The objective could be agreed upon explicitly perhaps or it can be assumed due to a response being given.
    But I think you are right IMO. Often the objective becomes redundant due to the necessary expansion of the topic mainly, perhaps, because there is a desire to discuss related issues that eventually add to the initial objectives result. A tangential or parallel journey of discovery is sometimes required...
    Do you think that the objective has to become owned by all participants to be an effective discussion?
    For the proposer to become more a participant that may or may not take the lead in a mutually beneficial discussion?
    So that all who participate can share in the profits achieved by doing so?
    • team work.
  9. Quantum Quack Life's a tease... Valued Senior Member

    ...a good thread to start.
    The problem is should you post it in the religious or philosophy fora?

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    sculptor likes this.
  10. Jeeves Valued Senior Member

    Agree up to a point - say, 85%. I'm not sure it's a requirement; I seem to recall some fairly heated and even rude arguments that nevertheless resulted in some enlightenment.
    It depends largely on one's definition of 'a good discussion', doesn't it?
    I appreciate that, but I'm not sure everyone with something to contribute feels the same way.
    A qualified agreement. It's essential to agree on the topic and its limits, not necessarily on anything beyond that.
    I think it's possible to start from opposite ends of a proposition (e.g. total acceptance vs total rejection) and still offer something of value - if not to the opponent, then to non-aligned participants or casual readers.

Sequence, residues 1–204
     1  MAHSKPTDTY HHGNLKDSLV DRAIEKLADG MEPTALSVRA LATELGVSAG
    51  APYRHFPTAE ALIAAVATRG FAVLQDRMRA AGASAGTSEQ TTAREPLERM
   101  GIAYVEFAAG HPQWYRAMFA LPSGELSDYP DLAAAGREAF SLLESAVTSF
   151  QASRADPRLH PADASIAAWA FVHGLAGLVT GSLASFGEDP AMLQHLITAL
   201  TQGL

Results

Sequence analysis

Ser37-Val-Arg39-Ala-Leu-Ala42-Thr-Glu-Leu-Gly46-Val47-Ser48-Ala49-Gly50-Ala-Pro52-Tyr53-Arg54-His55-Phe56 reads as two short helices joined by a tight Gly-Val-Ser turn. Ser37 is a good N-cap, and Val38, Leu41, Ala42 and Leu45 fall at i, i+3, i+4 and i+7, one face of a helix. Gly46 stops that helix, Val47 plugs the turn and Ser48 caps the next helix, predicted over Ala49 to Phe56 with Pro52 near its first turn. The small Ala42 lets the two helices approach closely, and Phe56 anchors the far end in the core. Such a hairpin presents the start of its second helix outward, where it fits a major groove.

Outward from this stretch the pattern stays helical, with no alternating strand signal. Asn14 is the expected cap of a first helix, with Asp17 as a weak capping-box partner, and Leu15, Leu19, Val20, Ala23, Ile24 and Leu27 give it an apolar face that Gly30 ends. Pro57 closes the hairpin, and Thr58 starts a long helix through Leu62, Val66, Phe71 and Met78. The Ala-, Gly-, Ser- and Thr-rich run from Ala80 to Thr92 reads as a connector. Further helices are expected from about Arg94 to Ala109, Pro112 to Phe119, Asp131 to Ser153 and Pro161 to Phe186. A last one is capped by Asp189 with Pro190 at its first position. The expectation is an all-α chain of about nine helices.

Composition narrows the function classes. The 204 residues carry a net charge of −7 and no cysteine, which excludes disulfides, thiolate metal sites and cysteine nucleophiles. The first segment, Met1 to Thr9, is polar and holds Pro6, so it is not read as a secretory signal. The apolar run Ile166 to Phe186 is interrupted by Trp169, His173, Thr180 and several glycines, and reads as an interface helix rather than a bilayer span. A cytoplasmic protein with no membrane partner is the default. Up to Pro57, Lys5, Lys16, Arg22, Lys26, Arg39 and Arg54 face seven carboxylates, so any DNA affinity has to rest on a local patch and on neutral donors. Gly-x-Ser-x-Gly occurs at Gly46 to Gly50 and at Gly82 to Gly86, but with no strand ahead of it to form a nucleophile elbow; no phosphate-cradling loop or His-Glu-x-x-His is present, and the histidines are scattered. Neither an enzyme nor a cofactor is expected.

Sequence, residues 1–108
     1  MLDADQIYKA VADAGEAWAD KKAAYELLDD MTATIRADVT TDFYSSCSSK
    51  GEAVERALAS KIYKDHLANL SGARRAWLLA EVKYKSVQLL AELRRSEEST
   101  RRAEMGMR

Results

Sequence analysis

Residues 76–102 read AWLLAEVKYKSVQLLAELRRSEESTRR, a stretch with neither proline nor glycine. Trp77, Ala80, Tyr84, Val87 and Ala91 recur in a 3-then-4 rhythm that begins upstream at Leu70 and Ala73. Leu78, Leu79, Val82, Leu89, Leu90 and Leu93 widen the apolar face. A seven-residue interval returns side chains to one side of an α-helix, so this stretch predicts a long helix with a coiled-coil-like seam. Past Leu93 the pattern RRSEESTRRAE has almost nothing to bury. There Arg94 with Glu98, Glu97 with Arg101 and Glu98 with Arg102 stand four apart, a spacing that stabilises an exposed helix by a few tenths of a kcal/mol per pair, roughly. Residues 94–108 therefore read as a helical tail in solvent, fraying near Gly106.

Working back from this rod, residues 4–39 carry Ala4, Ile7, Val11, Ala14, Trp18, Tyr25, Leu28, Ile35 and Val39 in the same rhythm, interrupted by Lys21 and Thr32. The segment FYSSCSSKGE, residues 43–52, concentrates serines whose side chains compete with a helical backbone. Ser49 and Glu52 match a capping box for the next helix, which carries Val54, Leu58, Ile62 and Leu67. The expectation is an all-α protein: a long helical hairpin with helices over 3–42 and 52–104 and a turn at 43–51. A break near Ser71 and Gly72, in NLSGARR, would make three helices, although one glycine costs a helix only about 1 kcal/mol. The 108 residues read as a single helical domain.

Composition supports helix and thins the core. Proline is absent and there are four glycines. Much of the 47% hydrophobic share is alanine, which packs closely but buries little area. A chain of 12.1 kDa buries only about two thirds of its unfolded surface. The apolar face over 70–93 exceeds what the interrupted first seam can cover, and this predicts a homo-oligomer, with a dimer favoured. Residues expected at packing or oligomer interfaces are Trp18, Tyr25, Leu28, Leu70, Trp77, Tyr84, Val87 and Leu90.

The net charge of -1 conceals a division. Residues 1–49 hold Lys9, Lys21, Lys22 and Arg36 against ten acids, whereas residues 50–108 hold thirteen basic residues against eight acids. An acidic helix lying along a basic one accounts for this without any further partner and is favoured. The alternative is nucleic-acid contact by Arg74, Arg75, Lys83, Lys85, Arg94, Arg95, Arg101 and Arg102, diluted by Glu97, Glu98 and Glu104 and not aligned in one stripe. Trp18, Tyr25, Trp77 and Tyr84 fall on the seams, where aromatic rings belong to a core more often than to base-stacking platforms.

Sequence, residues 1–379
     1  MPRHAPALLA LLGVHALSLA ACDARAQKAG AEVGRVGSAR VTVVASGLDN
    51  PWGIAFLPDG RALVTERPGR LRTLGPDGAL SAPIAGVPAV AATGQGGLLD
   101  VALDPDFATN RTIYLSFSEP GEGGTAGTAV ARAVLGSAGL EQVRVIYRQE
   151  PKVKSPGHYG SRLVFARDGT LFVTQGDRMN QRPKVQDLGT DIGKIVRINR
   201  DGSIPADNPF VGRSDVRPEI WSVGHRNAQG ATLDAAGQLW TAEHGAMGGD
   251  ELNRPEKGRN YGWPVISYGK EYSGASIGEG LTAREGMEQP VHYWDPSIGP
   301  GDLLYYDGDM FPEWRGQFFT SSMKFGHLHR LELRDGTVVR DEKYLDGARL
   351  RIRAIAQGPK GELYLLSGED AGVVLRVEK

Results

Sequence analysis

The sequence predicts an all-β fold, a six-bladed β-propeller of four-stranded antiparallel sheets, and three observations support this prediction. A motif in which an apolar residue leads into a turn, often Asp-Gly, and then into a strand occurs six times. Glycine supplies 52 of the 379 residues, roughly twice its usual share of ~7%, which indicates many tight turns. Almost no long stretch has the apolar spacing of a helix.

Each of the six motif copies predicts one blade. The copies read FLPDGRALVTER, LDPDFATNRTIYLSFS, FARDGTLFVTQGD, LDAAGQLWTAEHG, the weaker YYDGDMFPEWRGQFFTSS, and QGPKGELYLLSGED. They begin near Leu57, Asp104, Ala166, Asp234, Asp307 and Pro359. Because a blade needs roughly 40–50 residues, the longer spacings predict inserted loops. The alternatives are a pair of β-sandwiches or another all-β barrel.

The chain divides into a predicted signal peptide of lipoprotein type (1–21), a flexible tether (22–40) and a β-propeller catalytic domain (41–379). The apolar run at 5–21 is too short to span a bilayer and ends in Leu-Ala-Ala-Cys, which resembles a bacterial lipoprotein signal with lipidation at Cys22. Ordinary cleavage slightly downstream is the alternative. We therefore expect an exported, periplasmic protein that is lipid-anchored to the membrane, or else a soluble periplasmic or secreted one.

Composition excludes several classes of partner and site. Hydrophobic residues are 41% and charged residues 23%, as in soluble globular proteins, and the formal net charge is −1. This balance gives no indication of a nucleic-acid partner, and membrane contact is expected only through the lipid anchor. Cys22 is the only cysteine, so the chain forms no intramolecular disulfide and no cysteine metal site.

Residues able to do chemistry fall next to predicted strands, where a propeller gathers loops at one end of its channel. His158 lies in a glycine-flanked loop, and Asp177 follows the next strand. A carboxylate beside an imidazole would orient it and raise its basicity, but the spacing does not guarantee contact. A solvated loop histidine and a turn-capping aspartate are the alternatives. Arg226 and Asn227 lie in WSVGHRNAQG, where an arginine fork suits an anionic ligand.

It's a good idea to state one's own objective at the start.... but then accept that an interesting discussion might shift in many possible directions - and that's no bad thing.
    Then, too, it might be helpful for the thread-starter to take the role of a - what? 'presenter' as they say on BBC - and take a moment, now and again, re-state the original premise and summarize what's happened to it.
    I know a couple of people who to do that assiduously - control-freaks, yes, but I do find their input useful.

    And often fun, as well.

    Not really. You inevitably have a small number of participants who are sincerely invested in a discussion, several ride-alongs who contribute the odd comment but are less interested, a few drop-ins who make a single observation regarding some limited aspect of the topic and and one or two smart-asses whose only objective is a cheap shot.

    That's my preference, but I don't consider it essential. I've witnessed and been embroiled in free-for-alls that turned out, if not productive, at least enjoyable.
    Sometimes, it's okay just to throw an idea out there and see whether it develops.
  11. RainbowSingularity Valued Senior Member

    can you create a class of types of philosophy based on assumptive pre-disposition to psycho-social-religous concepts ?